As a result of the COVID-19 pandemic, restaurants and organizations throughout the world have turned to the use of “quick response” or “QR” codes to facilitate their “touchless” operations more easily. However, the convenience of these increasingly popular QR codes may come at a price with respect to consumer privacy and cybersecurity. Businesses and organizations should exercise caution when using this technology to avoid violations of consumer privacy regulations and reduce the risk of falling victim to cybersecurity incidents.

What are QR Codes?

QR codes have been around for decades, but the scannable technology has experienced a rapid resurgence during the COVID-19 pandemic. The unique square codes are similar to bar codes and have been used to replace menus and other paper forms in an effort to provide contactless services to slow the spread of COVID-19. Instead of physically handling a menu or completing a form by hand, customers use their smartphones to quickly scan a QR code, which then directs the customer to a digital menu, an online form, or other types of digital content.

Businesses and organizations in various industries have continued to utilize QR codes for the advantages they provide. Some of those advantages include saving costs on physical prints, the ease of online editing, and the ability to collect information on consumer preferences to better tailor their service or product offerings. However, these advantages must be balanced against the potential risks involved.

Risks with QR Code Technology Usage

The benefits of QR codes are clear, but there may be potential downsides to this technology in the context of cybersecurity and data protection. Before incorporating QR code technology into your organizational operations, you should consider the risks involved and plan accordingly. For instance, businesses must account for increased data processing and storage, gathering consumer acknowledgments and consents, and establishing appropriate cybersecurity safeguards to protect the personal information being processed.

  • Increased Data Processing – Although directing restaurant patrons to a digital menu using a QR code may seem innocent enough, there are valid concerns about what personal data is being collected and how it could be used when a consumer visits a particular website. For example, a customer might be directed to a website that uses cookies to track visitors’ behavior. This may allow businesses to store consumer preferences and other information, such as the time of the consumer’s visit, to send targeted advertisements or upsell the customer with personalized offers. Every time a consumer scans a QR code, some metadata such as the type of device they’re using, their location, IP address, the date and time, and any other information they may input on the other end of that code can be collected and exploited. These concerns are amplified when you consider the fact that many organizations use third-party apps for the source of their QR code capabilities, which in turn gives a single company the ability to collect data on an individual from multiple establishments at once. This kind of aggregated data can be problematic, as the totality of collected information can build a more complete picture of an individual. To better reflect consumer privacy ideals and perform business operations in a manner that is more likely to satisfy data privacy requirements, every organization using this technology should adopt written policies directed to its consumers that outline how their personal information will be collected and processed.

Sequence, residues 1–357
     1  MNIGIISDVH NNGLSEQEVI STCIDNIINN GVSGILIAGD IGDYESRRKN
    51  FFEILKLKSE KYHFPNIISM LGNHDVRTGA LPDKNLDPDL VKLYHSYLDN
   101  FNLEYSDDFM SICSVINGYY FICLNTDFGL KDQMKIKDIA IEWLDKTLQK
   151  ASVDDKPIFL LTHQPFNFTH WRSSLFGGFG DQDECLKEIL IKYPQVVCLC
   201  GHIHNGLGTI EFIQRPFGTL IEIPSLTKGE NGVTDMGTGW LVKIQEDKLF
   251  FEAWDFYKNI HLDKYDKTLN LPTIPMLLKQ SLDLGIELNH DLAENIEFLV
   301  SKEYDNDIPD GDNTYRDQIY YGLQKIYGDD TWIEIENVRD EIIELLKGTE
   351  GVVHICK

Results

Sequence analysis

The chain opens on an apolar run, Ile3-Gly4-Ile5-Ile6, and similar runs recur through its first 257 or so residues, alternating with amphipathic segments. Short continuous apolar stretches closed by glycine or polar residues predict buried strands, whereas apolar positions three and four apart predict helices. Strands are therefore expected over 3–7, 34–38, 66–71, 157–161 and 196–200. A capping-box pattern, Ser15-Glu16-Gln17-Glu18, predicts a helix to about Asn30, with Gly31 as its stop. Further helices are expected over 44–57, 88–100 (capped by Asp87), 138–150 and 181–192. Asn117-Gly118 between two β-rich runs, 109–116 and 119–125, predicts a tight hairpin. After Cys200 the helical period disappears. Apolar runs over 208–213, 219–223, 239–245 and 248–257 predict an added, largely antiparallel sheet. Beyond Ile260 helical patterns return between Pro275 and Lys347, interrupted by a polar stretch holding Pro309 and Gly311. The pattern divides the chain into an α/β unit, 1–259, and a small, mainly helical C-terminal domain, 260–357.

• Lack of Consent – Another major concern with the use of QR codes is that consumers are not always being asked for their consent to have their information collected, stored, and used for advertising and other promotional purposes. If they are given an option to provide their consent, they oftentimes have no other choice but to accept if they intend to proceed with the service. In contrast, a consent-based service model that adheres to certain consumer privacy rights and regulations should request consumers’ consent to track their data as soon as they scan the QR code. Since the widespread adoption of QR codes is still relatively new, many businesses are not aware of applicable privacy law obligations regarding its usage. However, as global privacy laws continue to expand in scope and number, commercial entities can satisfy at least one of their potential legal requirements by obtaining prior consent from consumers to collect their personal information.
  • Security Risks – There are several potential cybersecurity risks associated with the improper use of QR codes. The technology could be vulnerable to cybercriminals attempting to extract data from the mobile device used to scan the code or redirecting the scanner to a different URL that hosts an information phishing site. The issue gets even more dangerous if a consumer’s payment information is involved in the process. To avoid cybersecurity pitfalls, QR codes must be implemented properly with the right safeguards in place. With the increase in cybercrime, organizations need to devote more time and resources into network security and patch vulnerabilities before consumer data gets compromised, or otherwise face substantial liability because of their improper data protection efforts.

There is no doubt that QR code technology is a beneficial tool for many businesses and organizations, especially as we look for more ways to embrace touchless operations. However, the technology must be implemented properly to minimize the associated risks. Proper QR code usage should involve consent-based mechanisms for data collection, information being clearly communicated to consumers regarding the processing of their personal data, and appropriate cybersecurity measures to prevent security incidents.